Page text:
The European Commission today (31 January) put forward changes to rules on fallow land and a mechanism to curb exports from Ukraine amid protests from farmers across the bloc.

Farmers in France and Belgium, angry at rising costs and cheap imports, have carried out days of protests and set up blockades on key transport routes.

In separate statements issued today, the Commission set out proposals to allow farmers in the EU to use derogations from Common Agricultural Policy rules requiring them to keep certain areas non-productive.

Brussels, meanwhile, has also laid down plans for an “emergency brake” on imports of poultry, eggs and sugar from Ukraine. Food exports from Ukraine into the EU have long caused tension within the bloc, especially among farmers in neighbouring countries.

EU-wide farming lobby group Copa-Cogeca called the planned pause on rules on fallow land “late in the agricultural calendar” and “limited”. It also argued the proposal on Ukraine would not “provide sufficient relief”.

Brussels’ proposal on fallow land, sent to member states to approve, will allow all farmers to be exempt from the obligations this year. Under EU rules, farms with fewer than ten hectares of arable land are typically exempted.

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“Today’s measure offers additional flexibility to farmers at a time when they are dealing with multiple challenges. We will continue to engage with our farmers to ensure the CAP strikes the right balance between responding to their needs while continuing to deliver public goods for our citizens,” European Commission President Ursula von der Leyen said.

The plan to introduce a “brake” on poultry, eggs and sugar from Ukraine was announced alongside a proposal to renew the suspension of import duties and quotas on Ukrainian exports to the EU, measures originally introduced in the wake of Russia’s invasion in February 2022.

Under the brake, if imports of poultry, eggs and sugar from Ukraine exceed the average volumes seen in 2022 and 2023, tariffs would be reimposed.

“The EU must continue to show solidarity with Ukraine and Moldova in the face of Russia’s continuing aggression. This proposal strikes the right balance: we are maintaining our economic support for both countries while taking EU farmers’ interests and sensitivities fully into account,” Valdis Dombrovskis, the EU’s Commissioner for Trade, said.

“This will achieve the dual objective of helping to keep Ukraine’s and Moldova’s economies going, while at the same time having stronger safeguards to prevent market disruptions in the EU.”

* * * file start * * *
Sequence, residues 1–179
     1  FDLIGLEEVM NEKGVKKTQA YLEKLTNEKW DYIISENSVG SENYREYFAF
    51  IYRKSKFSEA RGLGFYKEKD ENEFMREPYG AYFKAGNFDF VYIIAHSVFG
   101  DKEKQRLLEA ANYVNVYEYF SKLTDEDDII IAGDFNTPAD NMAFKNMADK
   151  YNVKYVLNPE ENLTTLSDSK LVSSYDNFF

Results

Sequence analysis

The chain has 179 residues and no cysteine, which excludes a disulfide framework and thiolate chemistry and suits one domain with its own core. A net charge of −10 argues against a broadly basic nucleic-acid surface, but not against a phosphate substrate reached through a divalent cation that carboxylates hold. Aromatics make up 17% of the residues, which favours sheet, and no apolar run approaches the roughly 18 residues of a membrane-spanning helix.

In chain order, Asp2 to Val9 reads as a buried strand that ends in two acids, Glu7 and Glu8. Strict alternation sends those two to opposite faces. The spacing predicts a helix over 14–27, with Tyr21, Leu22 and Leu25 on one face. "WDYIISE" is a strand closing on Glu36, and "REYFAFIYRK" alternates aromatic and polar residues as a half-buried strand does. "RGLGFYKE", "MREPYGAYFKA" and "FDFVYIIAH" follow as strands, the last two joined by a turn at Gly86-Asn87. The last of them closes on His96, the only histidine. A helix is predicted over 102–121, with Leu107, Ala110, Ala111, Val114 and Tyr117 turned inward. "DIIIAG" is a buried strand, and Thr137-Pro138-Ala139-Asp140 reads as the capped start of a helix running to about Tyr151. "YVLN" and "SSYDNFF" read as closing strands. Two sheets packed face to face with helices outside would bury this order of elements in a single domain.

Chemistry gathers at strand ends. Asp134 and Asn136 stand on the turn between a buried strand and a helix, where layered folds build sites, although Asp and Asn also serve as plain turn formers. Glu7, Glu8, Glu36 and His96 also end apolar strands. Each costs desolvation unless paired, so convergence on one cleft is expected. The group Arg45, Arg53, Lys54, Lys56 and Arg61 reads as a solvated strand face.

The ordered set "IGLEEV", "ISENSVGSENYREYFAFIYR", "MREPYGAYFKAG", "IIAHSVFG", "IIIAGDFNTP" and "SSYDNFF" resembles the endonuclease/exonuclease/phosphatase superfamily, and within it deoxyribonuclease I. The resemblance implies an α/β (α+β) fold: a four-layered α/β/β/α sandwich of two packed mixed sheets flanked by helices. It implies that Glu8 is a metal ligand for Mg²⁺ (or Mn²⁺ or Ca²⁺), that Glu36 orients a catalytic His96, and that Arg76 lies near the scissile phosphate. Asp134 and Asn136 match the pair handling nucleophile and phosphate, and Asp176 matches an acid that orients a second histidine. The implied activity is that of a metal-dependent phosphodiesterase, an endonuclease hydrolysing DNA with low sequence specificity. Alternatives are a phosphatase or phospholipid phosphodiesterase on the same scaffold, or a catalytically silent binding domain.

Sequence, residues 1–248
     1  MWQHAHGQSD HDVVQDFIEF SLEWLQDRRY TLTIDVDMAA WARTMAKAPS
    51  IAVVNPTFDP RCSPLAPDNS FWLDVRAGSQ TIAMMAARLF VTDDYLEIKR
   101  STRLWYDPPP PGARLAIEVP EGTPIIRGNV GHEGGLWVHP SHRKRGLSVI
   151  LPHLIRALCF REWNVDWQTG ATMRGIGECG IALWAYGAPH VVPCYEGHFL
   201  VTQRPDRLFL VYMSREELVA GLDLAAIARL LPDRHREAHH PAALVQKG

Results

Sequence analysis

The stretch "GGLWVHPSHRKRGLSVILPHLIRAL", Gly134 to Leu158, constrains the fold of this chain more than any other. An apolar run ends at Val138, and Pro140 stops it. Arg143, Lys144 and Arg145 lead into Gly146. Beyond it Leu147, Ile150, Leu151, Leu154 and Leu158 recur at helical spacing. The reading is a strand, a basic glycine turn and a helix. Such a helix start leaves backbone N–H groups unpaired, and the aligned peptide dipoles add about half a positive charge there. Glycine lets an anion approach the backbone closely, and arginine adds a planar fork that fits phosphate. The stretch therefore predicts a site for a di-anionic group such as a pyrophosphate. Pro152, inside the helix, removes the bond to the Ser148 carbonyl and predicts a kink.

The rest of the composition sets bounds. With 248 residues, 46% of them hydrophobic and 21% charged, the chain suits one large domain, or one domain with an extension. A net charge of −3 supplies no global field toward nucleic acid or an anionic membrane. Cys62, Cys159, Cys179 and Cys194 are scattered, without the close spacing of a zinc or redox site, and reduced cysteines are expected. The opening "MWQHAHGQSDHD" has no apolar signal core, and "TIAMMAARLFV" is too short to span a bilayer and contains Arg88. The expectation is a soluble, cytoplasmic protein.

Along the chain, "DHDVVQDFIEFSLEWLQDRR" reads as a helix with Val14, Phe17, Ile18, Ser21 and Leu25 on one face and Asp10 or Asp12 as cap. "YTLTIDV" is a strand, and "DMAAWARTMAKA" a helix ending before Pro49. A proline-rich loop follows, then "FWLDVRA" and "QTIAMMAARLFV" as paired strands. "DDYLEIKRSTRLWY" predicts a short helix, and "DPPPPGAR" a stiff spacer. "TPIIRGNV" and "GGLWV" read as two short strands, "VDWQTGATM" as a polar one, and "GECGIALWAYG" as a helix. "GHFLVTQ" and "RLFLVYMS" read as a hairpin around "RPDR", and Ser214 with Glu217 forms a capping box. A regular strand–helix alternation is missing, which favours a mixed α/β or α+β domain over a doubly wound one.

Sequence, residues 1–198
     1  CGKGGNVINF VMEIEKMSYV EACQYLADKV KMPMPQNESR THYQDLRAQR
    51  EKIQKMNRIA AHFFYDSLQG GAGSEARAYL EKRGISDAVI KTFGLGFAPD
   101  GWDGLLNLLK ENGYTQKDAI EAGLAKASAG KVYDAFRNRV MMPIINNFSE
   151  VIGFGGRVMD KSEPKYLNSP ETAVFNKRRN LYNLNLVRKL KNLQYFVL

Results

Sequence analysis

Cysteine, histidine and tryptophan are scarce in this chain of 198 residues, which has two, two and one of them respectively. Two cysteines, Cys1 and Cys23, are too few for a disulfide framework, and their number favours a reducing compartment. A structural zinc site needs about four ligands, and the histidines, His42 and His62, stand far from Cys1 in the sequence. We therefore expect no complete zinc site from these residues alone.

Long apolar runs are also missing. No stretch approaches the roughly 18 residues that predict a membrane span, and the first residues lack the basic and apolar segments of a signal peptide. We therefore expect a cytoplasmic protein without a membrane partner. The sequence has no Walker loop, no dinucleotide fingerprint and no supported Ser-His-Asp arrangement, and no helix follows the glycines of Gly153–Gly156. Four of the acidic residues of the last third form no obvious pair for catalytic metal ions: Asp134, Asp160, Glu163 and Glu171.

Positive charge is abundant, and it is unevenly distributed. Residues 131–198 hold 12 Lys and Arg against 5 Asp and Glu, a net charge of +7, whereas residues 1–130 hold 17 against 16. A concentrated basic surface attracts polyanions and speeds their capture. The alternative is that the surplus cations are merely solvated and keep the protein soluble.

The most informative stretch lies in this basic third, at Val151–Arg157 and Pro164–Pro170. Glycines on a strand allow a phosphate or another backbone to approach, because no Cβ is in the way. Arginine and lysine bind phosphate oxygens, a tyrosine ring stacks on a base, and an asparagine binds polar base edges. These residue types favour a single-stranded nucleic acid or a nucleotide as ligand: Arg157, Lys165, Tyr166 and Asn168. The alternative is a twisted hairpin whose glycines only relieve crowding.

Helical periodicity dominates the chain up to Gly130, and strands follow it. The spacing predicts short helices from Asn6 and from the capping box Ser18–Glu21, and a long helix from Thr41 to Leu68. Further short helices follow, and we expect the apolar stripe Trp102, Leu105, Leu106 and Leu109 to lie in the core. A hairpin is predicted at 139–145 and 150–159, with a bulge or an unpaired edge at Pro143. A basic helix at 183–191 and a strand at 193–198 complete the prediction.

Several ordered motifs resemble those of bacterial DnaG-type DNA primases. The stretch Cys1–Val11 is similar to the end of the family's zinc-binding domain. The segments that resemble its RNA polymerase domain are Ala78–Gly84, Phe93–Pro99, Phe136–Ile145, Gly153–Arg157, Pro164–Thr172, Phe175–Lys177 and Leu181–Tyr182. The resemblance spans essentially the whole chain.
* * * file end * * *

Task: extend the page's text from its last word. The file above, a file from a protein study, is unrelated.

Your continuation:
Farming lobby group critical

Copa-Cogeca criticised the decision to exclude cereals and oilseeds from the brake, labelling their absence “totally unacceptable”.

In a statement, the farming organisation added: “While we believe that it is in the EU’s duty and interest to continue supporting Ukraine, the solution to the current situation concerning the impact of the imports on EU producers must be effectively addressed. Thus, we, as agricultural producers, are ready to continue doing our part in the EU efforts to help Ukraine. Unfortunately, we believe that this effort is not equitably shared, with the agricultural sector bearing a disproportionate and unsustainable burden.”

Demonstrations among farming groups have led to the blockade of access routes to the Belgian port of Zeebrugge. Farmers in Italy and in Spain have also held protests.

Amid the protests, France has also taken aim at trade talks between the EU and the Mercosur trade bloc in South America. French farmers have long criticised the prospect of the agreement.

Earlier this week, France’s President, Emmanuel Macron, reportedly told the Commission it is impossible to conclude negotiations at present.

A Commission spokesperson told Reuters yesterday the talks with Mercosur are “continuing and the European Union continues to fulfill its objective of achieving an agreement that respects our sustainability goals and respects our sensitivities, particularly in agriculture”.

Attempts to seal a trade agreement between the EU and Mercosur – a bloc formed by Brazil, Argentina, Uruguay and Paraguay – go back several decades. A text was signed in 2019 but needs ratification from all EU member states and

France has repeatedly voiced concerns about the terms of the mooted deal.